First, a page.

Professor Yong-Rak Kim
Date of this Version
Farshad Fallah, "Molecular Dynamics Modeling and Simulation of Bitumen Chemical Aging" Master's thesis, University of Nebraska-Lincoln, 2017.
Chemical aging of asphalt binder leads to significant changes in its mechanical and rheological properties, resulting in poor pavement behavior and distress. Various laboratory methods have been used to simulate asphalt aging during the service life of the pavement. However, controversy exists regarding the capability of these methods to predict field aging, as various factors interact with the pavement during service and the mechanism behind aging is not fully understood. The two main outcomes of chemical aging are oxidation of asphalt molecules, and change in asphalt SARA (saturate, aromatic, resin, and asphaltene) fractions. Reaction of oxygen with asphalt components forms polar viscosity-building molecules, while the change in SARA fractions upsets the balance in asphalt, giving it brittle properties. As both these factors affect the binder at the molecular level, molecular dynamic (MD) simulations can provide core insights into understanding the fundamentals of asphalt aging. This study used MD simulation to investigate the effect of each aging process on the properties of asphalt binder. In that respect, a representative model of virgin binder and eight different models of aged binder were built, including models for laboratory- and field-aged binder. Properties such as density, bulk modulus, glass transition temperature, and viscosity from different MD models were compared to distinguish between the effect of each aging mechanism on binder properties. The results showed that both aging mechanisms lead to an increase in density, bulk modulus, and viscosity of the binder. The SARA fractions of laboratory-aged binder were found to affect bulk modulus and viscosity more dramatically compared to field aged binder. However, when the oxygen content of models was considered, field-aged binder showed a larger increase in bulk modulus and viscosity compared to laboratory-aged binder. This indicates that the dominant mechanism from laboratory aging process is upset in SARA fractions, while oxidation of molecules might be a more dominant mechanism for field-aged binder. No statistically significant difference was observed between the glass transition temperature values for virgin and aged binder.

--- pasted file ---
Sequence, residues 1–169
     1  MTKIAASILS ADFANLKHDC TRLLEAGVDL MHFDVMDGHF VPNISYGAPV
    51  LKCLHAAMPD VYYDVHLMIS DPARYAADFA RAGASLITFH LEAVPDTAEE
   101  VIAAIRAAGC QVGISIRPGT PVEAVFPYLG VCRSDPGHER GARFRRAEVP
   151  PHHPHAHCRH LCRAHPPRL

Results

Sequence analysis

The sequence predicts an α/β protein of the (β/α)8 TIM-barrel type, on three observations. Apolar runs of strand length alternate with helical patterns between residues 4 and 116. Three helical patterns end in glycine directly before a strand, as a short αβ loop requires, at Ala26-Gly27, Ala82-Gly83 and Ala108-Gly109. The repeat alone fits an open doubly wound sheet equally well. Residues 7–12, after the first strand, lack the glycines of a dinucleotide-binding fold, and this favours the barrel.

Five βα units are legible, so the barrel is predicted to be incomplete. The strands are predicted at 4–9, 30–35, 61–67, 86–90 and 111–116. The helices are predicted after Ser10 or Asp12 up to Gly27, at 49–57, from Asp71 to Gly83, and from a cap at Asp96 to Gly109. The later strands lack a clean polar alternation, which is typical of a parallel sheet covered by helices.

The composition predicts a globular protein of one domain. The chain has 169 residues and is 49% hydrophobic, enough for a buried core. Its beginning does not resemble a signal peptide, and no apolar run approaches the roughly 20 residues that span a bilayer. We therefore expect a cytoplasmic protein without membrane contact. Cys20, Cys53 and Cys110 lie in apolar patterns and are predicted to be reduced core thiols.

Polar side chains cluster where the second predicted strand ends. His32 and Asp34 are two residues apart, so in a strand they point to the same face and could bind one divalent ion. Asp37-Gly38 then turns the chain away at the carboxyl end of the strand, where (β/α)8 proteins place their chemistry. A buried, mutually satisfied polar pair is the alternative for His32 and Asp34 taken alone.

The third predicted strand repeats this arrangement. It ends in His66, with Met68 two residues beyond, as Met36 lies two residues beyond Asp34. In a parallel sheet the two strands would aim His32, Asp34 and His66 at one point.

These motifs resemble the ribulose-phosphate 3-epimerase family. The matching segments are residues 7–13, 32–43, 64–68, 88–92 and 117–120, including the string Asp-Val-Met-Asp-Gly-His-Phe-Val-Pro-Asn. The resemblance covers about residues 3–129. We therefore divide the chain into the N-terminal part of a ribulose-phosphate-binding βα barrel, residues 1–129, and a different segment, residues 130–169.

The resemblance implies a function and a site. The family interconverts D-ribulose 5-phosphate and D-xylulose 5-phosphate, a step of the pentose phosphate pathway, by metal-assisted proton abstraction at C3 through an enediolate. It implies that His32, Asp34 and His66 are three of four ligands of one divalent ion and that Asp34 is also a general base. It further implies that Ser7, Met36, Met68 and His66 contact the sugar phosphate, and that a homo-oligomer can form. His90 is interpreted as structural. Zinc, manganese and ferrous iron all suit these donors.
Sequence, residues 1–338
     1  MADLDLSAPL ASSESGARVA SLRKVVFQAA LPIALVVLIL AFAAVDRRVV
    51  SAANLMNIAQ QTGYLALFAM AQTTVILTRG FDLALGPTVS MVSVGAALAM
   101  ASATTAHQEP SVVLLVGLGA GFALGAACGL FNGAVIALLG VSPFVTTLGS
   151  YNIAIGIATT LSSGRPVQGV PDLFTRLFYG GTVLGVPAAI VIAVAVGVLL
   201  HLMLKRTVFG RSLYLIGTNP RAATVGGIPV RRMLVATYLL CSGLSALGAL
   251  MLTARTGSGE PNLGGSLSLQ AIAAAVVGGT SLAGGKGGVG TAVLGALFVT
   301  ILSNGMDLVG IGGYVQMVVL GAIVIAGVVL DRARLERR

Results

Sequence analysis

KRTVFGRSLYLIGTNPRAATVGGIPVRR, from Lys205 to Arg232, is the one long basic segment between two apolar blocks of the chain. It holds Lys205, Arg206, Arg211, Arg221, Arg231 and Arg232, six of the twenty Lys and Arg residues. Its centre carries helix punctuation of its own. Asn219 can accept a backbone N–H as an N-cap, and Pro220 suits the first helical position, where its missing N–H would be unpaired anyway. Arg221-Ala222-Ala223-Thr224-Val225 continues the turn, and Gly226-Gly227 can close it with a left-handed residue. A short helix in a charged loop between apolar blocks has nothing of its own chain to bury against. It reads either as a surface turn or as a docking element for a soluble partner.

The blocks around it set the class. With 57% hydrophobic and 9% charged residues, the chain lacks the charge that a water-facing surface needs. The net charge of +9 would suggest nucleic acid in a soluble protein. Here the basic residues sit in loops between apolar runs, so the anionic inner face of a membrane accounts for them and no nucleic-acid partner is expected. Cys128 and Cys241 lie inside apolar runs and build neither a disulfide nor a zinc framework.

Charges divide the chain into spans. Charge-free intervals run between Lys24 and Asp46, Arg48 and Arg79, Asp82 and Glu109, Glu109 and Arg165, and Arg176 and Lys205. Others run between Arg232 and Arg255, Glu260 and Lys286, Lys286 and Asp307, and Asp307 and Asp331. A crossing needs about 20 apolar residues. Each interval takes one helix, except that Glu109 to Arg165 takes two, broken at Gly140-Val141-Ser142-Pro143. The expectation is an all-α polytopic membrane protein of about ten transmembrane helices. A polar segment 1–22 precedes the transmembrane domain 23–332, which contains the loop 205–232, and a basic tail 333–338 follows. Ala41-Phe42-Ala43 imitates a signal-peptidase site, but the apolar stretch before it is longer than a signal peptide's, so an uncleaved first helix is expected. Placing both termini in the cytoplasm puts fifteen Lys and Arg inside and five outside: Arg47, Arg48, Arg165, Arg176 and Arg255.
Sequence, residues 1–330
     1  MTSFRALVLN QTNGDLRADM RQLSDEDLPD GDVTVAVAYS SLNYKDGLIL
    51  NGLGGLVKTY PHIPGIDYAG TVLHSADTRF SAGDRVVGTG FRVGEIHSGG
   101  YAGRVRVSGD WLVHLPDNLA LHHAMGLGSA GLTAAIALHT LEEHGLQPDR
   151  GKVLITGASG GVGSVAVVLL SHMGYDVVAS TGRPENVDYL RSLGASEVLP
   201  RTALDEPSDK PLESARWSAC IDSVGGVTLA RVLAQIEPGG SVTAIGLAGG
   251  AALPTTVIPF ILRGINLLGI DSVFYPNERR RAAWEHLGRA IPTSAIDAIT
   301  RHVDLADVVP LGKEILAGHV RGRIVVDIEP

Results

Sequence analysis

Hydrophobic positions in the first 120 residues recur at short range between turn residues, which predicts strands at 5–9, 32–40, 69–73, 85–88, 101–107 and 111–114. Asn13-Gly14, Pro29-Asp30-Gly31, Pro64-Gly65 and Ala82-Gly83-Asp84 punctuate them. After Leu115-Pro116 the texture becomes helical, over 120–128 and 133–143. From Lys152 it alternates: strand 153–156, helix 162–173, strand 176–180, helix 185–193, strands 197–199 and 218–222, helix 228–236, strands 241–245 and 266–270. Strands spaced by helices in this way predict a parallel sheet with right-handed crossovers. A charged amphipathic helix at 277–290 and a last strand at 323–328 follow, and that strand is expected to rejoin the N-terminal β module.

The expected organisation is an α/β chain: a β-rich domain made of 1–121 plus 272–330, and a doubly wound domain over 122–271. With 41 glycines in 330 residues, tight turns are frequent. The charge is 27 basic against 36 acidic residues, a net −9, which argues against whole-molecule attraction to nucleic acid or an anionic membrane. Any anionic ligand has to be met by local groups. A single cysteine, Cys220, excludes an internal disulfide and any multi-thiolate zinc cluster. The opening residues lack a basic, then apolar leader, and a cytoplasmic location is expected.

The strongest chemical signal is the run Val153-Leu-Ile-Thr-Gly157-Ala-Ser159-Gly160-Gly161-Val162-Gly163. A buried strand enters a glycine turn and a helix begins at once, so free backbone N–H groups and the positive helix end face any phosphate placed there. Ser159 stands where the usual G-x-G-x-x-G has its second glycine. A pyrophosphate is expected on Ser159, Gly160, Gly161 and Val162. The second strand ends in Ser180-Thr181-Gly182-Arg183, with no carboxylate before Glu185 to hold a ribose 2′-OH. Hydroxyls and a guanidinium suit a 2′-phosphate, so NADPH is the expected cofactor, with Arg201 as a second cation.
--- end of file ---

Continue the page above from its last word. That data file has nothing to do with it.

Advisor: Yong-Rak Kim